Sinister tales written since the early twentieth century by the foremost Hebrew authors, including S. Y. Agnon, Leah Goldberg, and Amos Oz, reveal a darkness at the foundation of Hebrew culture. The ghosts of a murdered Talmud scholar and his kidnapped bride rise from their graves for a nocturnal dance of death; a girl hidden by a count in a secret chamber of an Eastern European castle emerges to find that, unbeknownst to her, World War II ended years earlier; a man recounts the act of incest that would shape a trajectory of personal and national history. Reading these works together with central British and American gothic texts, Karen Grumberg illustrates that modern Hebrew literature has regularly appropriated key gothic ideas to help conceptualize the Jewish relationship to the past and, more broadly, to time. She explores how these authors employ and revise the gothic, originally a European mode associated with antisemitism, and how they use it to challenge assumptions about power and powerlessness, vulnerability and violence, and to shape modern Hebrew culture. Her innovative perspective on the Hebrew literary engagement with history sheds new light on tensions that continue to characterize contemporary Israeli cultural and political rhetoric.
Get to know our speaker
Karen Grumberg is Associate Professor of Hebrew and Comparative Literature in the Department of Middle Eastern Studies at the University of Texas at Austin, where she also serves as Director of the Center for Middle Eastern Studies. She earned her Ph.D. in Comparative Literature at UCLA in 2004. She is the author of Place and Ideology in Contemporary Hebrew Literature (2011, Syracuse University Press). Her essays have appeared in Prooftexts, Comparative Literature, and other journals. Currently, she is editing a special issue of Poe Studies on Poe in the Middle East, as well as a special issue of Dibur on Translational Transactions.
So you’re a UCLA alumni – how did you get into Jewish Studies at UCLA?
I came to UCLA to study Hebrew literature with Arnold Band in the Comparative Literature department, so Jewish Studies naturally became an academic second home for me. Many of the Jewish Studies events were directly relevant to my studies, and introduced me to Ph.D. students working on related subjects in other departments.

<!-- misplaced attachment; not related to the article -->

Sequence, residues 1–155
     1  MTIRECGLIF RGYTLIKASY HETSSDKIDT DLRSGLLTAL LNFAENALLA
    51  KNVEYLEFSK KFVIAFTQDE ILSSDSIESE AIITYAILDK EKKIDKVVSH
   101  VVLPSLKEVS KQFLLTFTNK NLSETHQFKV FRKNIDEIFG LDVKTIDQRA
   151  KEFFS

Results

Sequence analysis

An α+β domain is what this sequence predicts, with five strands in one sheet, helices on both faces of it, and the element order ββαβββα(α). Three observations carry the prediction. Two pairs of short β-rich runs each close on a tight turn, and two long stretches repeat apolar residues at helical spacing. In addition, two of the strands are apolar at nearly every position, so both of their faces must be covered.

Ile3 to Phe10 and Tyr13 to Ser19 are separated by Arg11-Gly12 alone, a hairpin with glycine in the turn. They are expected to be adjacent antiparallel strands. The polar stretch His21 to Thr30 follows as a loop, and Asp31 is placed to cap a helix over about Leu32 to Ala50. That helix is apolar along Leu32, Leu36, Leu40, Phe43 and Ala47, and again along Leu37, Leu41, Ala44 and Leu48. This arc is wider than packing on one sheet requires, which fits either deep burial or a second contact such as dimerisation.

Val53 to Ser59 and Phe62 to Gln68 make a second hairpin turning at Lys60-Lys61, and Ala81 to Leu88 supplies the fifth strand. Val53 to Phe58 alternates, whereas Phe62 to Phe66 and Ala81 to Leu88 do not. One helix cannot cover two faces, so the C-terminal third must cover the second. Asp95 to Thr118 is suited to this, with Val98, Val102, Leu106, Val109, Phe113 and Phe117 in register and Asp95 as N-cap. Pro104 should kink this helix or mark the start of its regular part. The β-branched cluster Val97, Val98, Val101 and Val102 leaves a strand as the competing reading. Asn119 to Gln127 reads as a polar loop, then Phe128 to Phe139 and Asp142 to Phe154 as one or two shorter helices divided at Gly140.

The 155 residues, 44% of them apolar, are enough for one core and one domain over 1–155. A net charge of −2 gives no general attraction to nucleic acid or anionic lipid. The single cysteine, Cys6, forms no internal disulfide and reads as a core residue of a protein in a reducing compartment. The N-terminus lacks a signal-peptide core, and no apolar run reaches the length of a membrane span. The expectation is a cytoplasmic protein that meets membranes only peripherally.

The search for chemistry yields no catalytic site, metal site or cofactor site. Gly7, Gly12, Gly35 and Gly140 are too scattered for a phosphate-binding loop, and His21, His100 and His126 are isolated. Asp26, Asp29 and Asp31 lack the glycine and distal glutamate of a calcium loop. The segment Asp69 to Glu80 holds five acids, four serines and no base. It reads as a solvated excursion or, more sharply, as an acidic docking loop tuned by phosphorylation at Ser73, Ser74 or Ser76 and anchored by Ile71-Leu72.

What did the Leve Center (then known as the Center for Jewish Studies) mean to you during your time there?
The CJS was one of the centers of my intellectual world. CJS events, where I forged friendships I maintain to this day, were a hub for graduate students and faculty from across the university. The lectures, colloquia, screenings, and other events redefined what I thought of as Jewish Studies, illuminating the wide breadth of Jewish thought and culture and indicating their relevance to the world at large. One of the highlights of graduate school was when I was given the opportunity to organize an event, hosted by the Center, in honor of the Hebrew poet Yehuda Amichai, with lectures, a live musical performance, and a film screening. It was a memorable evening and an important experience that would not have been possible without the support and encouragement of the Center for Jewish Studies’ faculty and staff.
Your previous writing and teaching examines the use of space and place in literature – how does this new work on Hebrew Gothic literature relate to those themes?
That’s a good question; the two topics seem completely disconnected, but they’re not. While my first book Place and Ideology in Contemporary Hebrew Literature (Syracuse University Press, 2011), focused on representations of place, Hebrew Gothic is in some ways its complement or companion, because it’s all about time. Even the sections on gothic spatiality in Hebrew Gothic are ultimately about time. The gothic, as it emerges in Hebrew texts, offers a way for authors to engage with the Jewish past, to revise, recalibrate, and challenge its representation. But gothic spatiality is crucial to the aesthetic as a whole, helping to make literal the past’s infiltration of the present as well as the processes of decay that indicate passing time. That’s why it was important for me to include the chapter titled “Dark Jerusalem,” dedicated to the gothic spatiality in Amos Oz’s novel Mikhael sheli (My Michael).
What are you enjoying reading right now?
I’ve been very interested in theorizations of the Anthropocene and geologic time. Scholars in diverse humanistic fields are thinking about literature, film and art through the environment, and offering new models to think about human culture and violence. It’s all still pretty new but very exciting.
Your book features spooky stories and sinister tales – what’s your favorite ghost story?
Oh, this is really difficult. I like Edith Wharton’s ghost stories very much. The Turn of the Screw, by Henry James. Toni Morrison’s Beloved. Anything by Edgar Allan Poe…
Ok, last question: what are you going to be for Halloween?
It seems that this year I get to be Harry Potter’s mother!